Amalgamation
the final stage of assimilation in which it it becomes impossible to distinguish formerly distinct ethnic groups in a society
Assimilation
those processes whereby groups with distinctive identities become culturally and socially fused
Discrimination
the arbitrary denial of privilege, prestige, and power to members of a minority group whose qualifications are equal to those of members of the dominant group
Environmental Racism
the practice of deliberately locating incinerators and other types of hazardous waste facilities in or next to minority communities
Ethnic Groups
groups identified chiefly on cultural grounds - language, religion, folk practices, dress, gestures, mannerisms, and so on
Gatekeeping
the decision making process whereby people are admitted to offices and positions of privilege, prestige, and power within a society
Genocide
the deliberate and systematic extermination of a racial or ethnic group
Institutional Discrimination
the functioning of the institutions of society in a way that produces unequal outcomes for different groups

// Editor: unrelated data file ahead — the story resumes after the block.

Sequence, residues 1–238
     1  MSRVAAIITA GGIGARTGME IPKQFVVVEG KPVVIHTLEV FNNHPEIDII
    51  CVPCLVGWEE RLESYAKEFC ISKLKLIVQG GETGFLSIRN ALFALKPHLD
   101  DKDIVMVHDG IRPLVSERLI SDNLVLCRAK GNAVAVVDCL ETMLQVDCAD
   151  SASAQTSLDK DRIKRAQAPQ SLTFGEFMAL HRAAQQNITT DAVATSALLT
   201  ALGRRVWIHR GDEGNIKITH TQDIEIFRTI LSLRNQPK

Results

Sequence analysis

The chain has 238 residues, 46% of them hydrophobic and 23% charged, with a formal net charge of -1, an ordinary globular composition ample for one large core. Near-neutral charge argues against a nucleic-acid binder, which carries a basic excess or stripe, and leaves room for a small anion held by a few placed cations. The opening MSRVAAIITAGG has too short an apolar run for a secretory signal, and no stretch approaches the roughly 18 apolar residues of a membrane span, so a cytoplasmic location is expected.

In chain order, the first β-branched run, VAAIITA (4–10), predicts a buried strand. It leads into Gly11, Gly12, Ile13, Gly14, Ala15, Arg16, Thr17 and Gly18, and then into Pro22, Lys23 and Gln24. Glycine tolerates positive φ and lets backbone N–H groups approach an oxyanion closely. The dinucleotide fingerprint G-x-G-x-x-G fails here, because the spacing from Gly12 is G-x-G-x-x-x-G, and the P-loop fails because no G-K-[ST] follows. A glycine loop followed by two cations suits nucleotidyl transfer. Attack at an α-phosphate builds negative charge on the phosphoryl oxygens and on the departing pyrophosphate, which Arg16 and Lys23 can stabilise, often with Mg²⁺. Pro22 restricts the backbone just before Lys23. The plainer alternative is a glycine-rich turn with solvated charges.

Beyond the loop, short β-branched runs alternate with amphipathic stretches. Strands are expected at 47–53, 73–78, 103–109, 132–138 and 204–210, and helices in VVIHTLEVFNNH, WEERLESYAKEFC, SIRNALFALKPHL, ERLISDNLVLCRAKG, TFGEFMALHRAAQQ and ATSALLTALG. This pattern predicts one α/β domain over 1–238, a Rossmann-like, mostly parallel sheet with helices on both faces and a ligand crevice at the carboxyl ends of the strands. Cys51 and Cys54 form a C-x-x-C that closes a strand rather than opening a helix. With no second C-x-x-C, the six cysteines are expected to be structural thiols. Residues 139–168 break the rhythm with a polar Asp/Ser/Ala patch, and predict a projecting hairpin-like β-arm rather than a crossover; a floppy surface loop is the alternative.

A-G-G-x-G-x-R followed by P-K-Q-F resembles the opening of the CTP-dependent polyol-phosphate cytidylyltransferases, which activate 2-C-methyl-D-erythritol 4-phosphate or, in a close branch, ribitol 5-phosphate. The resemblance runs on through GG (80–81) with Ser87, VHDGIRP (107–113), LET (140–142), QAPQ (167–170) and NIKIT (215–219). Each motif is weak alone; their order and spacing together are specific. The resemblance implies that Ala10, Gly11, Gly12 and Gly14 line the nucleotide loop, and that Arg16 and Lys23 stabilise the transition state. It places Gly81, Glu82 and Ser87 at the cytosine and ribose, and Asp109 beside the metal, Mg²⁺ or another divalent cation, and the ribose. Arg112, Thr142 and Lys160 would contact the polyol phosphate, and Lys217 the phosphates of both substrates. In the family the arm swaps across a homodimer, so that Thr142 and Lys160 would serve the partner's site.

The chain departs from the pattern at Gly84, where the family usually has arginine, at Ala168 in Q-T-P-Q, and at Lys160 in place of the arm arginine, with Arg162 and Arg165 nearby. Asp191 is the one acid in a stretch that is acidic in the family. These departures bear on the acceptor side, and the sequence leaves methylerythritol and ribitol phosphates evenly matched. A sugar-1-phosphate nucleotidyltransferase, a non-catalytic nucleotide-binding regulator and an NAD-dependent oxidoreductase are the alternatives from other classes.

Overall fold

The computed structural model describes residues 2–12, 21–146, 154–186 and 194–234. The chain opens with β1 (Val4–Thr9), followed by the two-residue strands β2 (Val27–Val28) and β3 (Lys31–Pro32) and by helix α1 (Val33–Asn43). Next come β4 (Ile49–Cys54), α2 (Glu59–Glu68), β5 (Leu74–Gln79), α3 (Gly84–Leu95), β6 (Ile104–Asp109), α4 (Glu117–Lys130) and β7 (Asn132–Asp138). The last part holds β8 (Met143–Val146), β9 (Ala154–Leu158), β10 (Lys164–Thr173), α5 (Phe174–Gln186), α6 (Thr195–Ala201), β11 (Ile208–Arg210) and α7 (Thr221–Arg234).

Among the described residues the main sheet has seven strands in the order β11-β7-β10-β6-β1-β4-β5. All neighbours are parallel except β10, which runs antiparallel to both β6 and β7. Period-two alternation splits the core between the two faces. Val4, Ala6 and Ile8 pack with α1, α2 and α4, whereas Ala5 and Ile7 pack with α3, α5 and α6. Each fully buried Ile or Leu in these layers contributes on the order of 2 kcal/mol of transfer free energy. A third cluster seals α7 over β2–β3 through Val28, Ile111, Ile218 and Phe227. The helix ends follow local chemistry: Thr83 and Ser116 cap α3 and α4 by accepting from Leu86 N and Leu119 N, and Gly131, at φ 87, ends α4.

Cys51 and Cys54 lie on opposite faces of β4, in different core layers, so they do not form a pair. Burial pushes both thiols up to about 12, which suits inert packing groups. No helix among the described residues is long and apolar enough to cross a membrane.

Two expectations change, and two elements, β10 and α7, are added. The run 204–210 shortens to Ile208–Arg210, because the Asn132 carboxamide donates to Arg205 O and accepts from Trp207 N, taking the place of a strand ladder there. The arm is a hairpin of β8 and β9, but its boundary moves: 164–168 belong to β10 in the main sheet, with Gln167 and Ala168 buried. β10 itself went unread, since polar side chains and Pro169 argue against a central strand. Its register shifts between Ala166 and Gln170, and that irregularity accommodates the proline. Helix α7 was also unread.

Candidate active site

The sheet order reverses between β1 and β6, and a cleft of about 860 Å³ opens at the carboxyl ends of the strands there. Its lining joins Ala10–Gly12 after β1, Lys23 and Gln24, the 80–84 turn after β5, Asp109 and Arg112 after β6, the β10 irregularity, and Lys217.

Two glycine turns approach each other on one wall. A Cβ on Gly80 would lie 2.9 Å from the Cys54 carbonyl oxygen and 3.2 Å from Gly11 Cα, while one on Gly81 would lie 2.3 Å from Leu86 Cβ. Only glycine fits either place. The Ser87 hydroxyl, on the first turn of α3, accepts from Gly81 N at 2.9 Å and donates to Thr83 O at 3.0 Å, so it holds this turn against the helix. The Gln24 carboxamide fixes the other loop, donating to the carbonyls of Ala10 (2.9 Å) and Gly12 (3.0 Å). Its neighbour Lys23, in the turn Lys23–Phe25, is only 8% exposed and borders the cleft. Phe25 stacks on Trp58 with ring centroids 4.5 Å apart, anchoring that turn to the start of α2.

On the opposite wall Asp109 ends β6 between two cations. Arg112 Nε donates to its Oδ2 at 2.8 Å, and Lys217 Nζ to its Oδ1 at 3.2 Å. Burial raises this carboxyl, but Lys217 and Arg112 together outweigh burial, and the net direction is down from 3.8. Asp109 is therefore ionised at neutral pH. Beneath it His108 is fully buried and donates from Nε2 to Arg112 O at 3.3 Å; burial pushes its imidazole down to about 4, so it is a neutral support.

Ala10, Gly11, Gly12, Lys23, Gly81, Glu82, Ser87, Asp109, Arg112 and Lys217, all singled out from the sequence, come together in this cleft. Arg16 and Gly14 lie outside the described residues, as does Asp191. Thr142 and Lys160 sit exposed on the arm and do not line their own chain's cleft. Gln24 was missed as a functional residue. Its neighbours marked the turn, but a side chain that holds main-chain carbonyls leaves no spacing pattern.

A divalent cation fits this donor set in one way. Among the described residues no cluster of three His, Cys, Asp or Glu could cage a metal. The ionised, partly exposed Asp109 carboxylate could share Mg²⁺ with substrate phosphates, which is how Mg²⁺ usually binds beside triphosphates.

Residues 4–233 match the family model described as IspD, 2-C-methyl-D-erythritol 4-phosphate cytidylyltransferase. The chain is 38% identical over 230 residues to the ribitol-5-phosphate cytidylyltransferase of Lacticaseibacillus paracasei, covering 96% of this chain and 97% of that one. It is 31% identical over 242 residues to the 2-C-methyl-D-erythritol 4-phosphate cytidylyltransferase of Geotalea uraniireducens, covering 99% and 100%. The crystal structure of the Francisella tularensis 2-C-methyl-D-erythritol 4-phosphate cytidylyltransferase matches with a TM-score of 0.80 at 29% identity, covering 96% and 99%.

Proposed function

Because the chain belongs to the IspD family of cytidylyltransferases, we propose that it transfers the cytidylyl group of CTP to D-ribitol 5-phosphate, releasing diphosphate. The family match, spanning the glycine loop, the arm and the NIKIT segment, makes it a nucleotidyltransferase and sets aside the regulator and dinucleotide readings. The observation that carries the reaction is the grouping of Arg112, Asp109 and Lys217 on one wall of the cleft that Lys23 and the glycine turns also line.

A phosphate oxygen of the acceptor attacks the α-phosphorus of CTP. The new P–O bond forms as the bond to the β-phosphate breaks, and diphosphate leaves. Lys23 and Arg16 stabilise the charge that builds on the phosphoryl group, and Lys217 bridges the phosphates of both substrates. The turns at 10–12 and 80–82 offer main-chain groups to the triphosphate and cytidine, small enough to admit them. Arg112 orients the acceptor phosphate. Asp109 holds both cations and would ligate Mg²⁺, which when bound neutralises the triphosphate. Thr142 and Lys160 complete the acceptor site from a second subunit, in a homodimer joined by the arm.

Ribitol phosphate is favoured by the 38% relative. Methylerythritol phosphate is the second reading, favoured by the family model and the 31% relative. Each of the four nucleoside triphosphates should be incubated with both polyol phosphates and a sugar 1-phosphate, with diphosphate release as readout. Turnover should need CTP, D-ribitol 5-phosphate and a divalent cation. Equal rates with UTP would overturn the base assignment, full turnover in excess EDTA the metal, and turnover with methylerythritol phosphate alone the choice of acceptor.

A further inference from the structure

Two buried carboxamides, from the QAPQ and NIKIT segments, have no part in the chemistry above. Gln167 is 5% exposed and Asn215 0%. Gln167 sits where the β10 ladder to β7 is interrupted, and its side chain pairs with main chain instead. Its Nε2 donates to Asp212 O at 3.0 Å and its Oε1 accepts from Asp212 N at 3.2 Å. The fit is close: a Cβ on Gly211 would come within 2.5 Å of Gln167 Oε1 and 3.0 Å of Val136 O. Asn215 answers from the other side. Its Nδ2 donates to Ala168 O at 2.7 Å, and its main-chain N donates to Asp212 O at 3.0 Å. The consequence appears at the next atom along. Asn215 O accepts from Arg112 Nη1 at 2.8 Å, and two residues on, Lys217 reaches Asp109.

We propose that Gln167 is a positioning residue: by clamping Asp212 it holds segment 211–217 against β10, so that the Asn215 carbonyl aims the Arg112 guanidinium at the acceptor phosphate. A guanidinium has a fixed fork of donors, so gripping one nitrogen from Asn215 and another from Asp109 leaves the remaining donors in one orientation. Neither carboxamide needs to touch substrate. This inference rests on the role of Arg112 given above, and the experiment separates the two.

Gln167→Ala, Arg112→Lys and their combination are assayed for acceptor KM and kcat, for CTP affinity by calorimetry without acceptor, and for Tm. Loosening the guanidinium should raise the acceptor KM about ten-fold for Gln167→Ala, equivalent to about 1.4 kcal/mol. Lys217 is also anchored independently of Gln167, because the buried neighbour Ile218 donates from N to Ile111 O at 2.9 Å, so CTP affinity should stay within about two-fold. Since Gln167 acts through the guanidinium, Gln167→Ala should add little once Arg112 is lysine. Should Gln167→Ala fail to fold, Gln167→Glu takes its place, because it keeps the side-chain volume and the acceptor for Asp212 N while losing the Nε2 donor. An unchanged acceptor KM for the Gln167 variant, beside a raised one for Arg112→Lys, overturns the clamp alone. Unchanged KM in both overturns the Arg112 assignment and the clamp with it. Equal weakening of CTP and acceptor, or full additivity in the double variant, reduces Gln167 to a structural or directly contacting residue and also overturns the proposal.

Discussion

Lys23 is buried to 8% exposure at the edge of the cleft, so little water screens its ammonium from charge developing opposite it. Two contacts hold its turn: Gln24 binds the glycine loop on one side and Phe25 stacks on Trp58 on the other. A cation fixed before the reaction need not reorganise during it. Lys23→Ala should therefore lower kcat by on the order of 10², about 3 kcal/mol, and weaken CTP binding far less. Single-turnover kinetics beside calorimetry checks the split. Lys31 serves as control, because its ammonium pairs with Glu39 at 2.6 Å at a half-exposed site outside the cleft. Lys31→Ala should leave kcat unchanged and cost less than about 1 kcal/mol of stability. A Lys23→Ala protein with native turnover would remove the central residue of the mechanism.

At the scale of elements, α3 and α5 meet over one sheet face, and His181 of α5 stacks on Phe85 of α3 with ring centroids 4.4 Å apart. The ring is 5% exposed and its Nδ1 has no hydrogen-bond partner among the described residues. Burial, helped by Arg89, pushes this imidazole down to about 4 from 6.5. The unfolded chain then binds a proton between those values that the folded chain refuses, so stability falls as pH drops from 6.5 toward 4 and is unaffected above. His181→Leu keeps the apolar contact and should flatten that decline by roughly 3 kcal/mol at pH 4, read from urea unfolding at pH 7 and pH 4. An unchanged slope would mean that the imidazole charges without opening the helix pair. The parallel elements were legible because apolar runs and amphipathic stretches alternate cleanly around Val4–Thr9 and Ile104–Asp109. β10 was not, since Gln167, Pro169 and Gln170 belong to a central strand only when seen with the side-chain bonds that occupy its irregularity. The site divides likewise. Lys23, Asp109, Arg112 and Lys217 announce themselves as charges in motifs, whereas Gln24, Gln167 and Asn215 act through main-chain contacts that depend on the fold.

Institutional Racism
the functioning of the institutions of society to the disadvantage off racial minority groups
Integration
structural assimilation, or the participation of members of different ethnic groups in major institutional structures
Minority Group
a racially or culturally self-conscious population, with hereditary membership and a high degree of in-group marriage, which suffers oppression at the hands of a dominant segment of a nation-state
Pluralism
a situation where diverse groups coexist side by side and mutually accommodate themselves to their differences
Prejudice
attitudes of aversion and hostility toward the members of a group simply because they belong to it and hence are presumed to have the objectionable qualities ascribed to it
Race
a population that differs from other populations in the incidence of various hereditary traits
Racism
the belief that some racial groups are naturally superior and others are inferior
Split Labor Market
an economic arena in which large differences exist in the price of labor at the same occupational level
Symbolic Racism
a form of racism in which whites feel that blacks are too aggressive, do not play by the rules, and have negative characteristics
Equalitarian Pluralism
ethnic group members participate freely and equally in political and economic institutions
Inequalitarian Pluralism
economic and political participation of minority groups is severely limited by the dominant group
Functionalist Perspective